"Payroll gains were broad-based, appearing even in COVID-sensitive sectors," said Daniel Zhao, Glassdoor senior economist. "Retail [61,000 new jobs] and transportation and warehousing [54,000 new jobs] also saw significant job gains despite the end of the holiday season, perhaps as employers wary of labor shortages converted more seasonal workers into full-time employees."

Professional and business services added 86,000 jobs and temporary help service jobs rose by 26,000. Employment in local government education rose by 29,000 and employment in health care continued to trend up—by 18,000—over the month.

Unemployment Edges Up

The unemployment rate ticked up in January to 4 percent from 3.9 percent in December. The number of unemployed people increased to 6.5 million. In February 2020, prior to the COVID-19 pandemic, the unemployment rate was 3.5 percent, and the unemployed numbered 5.7 million.

The unemployment rate increase was due to a rise in labor force participation to its highest level since March 2020. "The labor force participation rate increased significantly from 61.9 percent to 62.2 percent, with the largest increase among African-Americans, from 60.8 percent to 62.0 percent," Pollak said.

The employment-to-population ratio, both for the overall population and prime-age workers ages 25 to 54, also rose. "The speed of recovery might have slowed a bit over the month for the prime-age employment ratio but it's still on track to recover to pre-pandemic levels by this summer," Bunker said.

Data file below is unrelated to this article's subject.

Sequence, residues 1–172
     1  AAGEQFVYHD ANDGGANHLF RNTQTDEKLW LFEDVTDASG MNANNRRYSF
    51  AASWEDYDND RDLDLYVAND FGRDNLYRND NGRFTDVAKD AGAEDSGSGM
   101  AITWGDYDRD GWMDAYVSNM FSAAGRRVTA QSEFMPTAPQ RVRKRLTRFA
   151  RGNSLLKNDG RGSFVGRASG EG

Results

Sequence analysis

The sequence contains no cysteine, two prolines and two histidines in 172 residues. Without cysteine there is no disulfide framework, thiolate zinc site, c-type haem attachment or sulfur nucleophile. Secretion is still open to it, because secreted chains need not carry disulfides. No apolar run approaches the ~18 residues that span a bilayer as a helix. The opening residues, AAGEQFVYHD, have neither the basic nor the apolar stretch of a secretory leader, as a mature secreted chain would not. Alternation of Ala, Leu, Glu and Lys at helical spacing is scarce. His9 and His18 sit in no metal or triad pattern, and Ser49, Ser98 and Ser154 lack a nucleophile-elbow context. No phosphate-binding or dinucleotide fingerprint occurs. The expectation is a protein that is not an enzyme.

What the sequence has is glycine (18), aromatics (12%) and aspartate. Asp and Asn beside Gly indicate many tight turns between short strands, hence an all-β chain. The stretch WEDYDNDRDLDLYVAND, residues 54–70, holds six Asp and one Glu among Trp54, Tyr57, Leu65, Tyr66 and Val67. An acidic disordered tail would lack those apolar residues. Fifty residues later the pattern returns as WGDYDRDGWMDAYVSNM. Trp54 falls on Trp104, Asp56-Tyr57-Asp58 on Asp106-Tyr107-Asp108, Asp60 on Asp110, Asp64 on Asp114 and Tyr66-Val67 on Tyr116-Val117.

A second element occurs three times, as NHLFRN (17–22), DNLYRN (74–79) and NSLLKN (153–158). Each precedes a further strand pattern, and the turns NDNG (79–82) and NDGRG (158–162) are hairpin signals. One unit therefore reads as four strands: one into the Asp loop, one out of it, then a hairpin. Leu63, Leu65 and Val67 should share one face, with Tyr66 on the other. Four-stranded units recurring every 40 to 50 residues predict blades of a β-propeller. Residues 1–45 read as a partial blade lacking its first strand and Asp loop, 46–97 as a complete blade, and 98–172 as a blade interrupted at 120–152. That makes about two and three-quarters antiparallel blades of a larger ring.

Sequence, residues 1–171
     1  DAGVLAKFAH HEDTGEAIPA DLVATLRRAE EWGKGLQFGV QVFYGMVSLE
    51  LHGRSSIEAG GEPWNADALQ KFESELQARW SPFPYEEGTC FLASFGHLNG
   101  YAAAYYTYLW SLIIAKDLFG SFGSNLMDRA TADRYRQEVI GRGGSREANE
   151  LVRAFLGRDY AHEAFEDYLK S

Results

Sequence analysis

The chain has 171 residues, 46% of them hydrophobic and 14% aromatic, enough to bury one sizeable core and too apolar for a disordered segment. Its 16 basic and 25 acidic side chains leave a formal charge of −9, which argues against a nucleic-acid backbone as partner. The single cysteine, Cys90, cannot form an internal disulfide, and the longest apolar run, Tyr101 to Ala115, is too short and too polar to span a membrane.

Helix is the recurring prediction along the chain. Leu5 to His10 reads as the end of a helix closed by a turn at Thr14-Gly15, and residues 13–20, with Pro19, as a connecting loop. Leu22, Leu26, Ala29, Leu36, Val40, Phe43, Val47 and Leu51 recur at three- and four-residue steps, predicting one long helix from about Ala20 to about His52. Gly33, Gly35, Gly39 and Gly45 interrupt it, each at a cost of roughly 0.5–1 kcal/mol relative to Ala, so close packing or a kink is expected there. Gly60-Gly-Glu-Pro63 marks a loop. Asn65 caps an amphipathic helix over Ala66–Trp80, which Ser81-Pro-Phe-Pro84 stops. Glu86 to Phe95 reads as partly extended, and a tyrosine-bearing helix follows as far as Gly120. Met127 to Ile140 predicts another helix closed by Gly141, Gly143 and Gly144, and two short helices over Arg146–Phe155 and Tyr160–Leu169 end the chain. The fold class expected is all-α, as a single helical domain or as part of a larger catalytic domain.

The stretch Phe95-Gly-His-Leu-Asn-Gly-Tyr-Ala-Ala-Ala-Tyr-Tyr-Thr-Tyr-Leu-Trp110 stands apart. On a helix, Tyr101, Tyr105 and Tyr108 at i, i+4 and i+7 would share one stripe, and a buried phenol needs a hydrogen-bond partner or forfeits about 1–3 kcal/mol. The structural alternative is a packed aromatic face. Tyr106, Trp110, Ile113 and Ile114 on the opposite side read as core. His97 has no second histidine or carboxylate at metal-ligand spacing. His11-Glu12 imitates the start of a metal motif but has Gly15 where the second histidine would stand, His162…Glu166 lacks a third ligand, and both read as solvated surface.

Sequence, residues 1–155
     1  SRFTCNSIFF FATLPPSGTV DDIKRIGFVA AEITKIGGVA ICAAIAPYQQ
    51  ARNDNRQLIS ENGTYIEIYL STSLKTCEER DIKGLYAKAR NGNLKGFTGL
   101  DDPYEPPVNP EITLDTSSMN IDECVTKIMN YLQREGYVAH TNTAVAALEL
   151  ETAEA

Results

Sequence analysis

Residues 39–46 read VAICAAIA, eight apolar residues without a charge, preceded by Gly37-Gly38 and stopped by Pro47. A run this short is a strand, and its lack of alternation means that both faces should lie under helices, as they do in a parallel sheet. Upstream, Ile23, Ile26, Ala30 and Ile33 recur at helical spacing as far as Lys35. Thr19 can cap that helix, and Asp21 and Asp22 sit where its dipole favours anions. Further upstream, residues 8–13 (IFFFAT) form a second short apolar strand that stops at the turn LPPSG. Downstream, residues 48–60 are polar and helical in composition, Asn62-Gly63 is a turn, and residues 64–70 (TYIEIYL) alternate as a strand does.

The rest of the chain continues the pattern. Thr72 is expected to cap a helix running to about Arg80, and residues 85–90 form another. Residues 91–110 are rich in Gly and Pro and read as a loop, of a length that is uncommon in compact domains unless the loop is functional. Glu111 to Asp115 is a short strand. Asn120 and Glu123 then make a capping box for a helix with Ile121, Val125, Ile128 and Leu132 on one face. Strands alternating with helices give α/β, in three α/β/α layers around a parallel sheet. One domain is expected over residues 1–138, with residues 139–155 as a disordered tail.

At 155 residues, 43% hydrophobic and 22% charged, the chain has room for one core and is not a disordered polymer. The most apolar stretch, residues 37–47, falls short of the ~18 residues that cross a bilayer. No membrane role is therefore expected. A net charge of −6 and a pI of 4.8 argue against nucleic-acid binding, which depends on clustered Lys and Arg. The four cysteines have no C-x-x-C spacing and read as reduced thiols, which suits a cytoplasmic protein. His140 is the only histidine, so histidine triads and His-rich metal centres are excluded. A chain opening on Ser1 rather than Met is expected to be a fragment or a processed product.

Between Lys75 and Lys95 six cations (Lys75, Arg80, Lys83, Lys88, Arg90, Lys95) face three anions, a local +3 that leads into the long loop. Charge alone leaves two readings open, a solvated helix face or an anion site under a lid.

The number of people considered long-term unemployed—those jobless for 27 weeks or more—declined to 1.7 million in January. This total is down from 4 million a year earlier.

A more encompassing measure of unemployment that includes discouraged workers and those holding part-time jobs for economic reasons fell to 7.1 percent, down from 7.3 percent. Those working part-time for economic reasons fell by 212,000 in January, with the total level down 37 percent from a year ago.

"The number of people working part-time for economic reasons continued to fall, reaching levels not seen since 2001," Pollak said. "Those figures are particularly remarkable for a month in which 15 million people contracted coronavirus and substantial labor market disruption ensued."  

Wages Climb

Average hourly earnings in January increased by 23 cents to $31.63. Over the past 12 months, average hourly earnings have increased by 5.7 percent. The rate of wage gains, however, still lags inflation, which was running around 7 percent in December.

"Private sector wage growth is the predictable outcome of the tightest labor market on record, where there are almost two job openings for every unemployed American and employees are quitting their jobs in record numbers," Pollak said. "Wage growth was highest in leisure and hospitality, followed by professional and business services, and health care and educational services."

Wahlquist noted that while wages are rising, labor shortages continue. "The good news for job seekers is that 'Help Wanted' signs are out all over America and talent continues to be in high demand."

Omicron Fade

The latest variant of the virus did have an effect on the labor market. The BLS reported that 6 million people were unable to work because their employers were closed or lost business due to the pandemic, up from 3.1 million in December.

But with the omicron wave now ebbing rapidly, the disruption from it is likely to begin fading in the coming months, Zhao said. "Ultimately, this report signals that the job market recovery is plowing forward, despite omicron headwinds. Employer demand remains high, and hiring is likely to remain strong, especially once omicron fades."

Frankiewicz said that she'd like to see recent positive trends continue. "The lasting legacy of the pandemic should be good wages, work-life balance and skills development for all."